As far as how much I'd figure about 2-3oz of sauce per steak.

More than Gourmet makes the stuff and I've seen it at Whole Foods, Joe's Market and AJ's. Veal Stock and Beef Stock, Demi-Glace Gold by More Than Gourmet
post #6 of 15

Yes to everything. "Better than Bullion" is pretty easy to get, and used with an eye to the salt isn't much of a problem with this much cream, cognac, mustard etc. Gold is in every way a better product, but I usually work from either end. If I care, I make an actual demi, and if I don't, I go with Better than Bullion." Just cooking for Linda and me, I use it most of the time.

I can't remember the last time I made Steak Diane. Wish I'd remembered when HIME was looking for her romantic steak dinner.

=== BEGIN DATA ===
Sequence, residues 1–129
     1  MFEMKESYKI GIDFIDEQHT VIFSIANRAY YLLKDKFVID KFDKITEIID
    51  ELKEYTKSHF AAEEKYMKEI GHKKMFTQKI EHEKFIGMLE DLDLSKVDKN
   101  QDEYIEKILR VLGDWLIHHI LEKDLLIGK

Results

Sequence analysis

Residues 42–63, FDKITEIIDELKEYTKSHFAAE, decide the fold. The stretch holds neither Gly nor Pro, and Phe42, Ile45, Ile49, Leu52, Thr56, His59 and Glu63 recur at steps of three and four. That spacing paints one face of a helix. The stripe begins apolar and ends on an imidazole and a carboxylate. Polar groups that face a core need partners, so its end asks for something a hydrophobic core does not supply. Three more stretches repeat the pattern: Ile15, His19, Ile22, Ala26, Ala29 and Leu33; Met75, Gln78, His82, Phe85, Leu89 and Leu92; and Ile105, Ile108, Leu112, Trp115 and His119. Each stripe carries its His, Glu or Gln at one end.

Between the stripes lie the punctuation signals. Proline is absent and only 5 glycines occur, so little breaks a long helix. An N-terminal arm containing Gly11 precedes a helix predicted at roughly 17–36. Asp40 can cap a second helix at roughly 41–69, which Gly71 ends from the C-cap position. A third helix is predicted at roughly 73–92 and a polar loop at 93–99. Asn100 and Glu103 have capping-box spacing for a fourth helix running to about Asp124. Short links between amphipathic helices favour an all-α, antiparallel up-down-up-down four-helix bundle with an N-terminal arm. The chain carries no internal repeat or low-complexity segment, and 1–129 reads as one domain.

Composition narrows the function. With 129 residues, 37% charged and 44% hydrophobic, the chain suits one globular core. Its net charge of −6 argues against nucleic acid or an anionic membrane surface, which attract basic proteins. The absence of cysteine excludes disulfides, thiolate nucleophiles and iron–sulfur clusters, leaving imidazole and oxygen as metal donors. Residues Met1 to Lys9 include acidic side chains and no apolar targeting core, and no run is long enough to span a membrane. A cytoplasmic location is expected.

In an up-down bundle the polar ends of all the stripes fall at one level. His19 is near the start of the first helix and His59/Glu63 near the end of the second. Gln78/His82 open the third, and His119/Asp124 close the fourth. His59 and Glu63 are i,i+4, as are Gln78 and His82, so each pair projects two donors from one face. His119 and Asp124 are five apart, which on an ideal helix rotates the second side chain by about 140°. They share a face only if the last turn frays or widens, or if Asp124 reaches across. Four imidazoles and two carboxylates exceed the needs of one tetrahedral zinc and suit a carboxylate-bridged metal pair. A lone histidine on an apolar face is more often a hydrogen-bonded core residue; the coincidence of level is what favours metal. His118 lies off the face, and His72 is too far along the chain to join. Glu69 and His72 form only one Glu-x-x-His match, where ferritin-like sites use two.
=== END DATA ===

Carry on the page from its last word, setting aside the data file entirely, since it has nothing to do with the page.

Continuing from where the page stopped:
post #7 of 15
Thread Starter 
Thanks for all the tips, steak Diane used to be one of our favs, but been so long. just thought it would make a nice change, brings back memories to us oldies...LOL
post #8 of 15
Hi Lissajane,
Spotted 'Steak Diane' in my RSS for Chef Talk and wanted to take a look as it was a favorite for me back in the 80's, cooked it for a few old boyfriends who seemed to like it.
I aint one of the big boys like our masters above, it was this simple......

Cook your steak to your liking and then rest.
While resting the meat, lightly saute fresh minced garlic, some thin sliced onion and then deglaze with a little worcestershire sauce.
Add some creme fraiche and serve immediately over steak.

This has been done from memory so you can decide how much of each suits your taste.
post #9 of 15
Thread Starter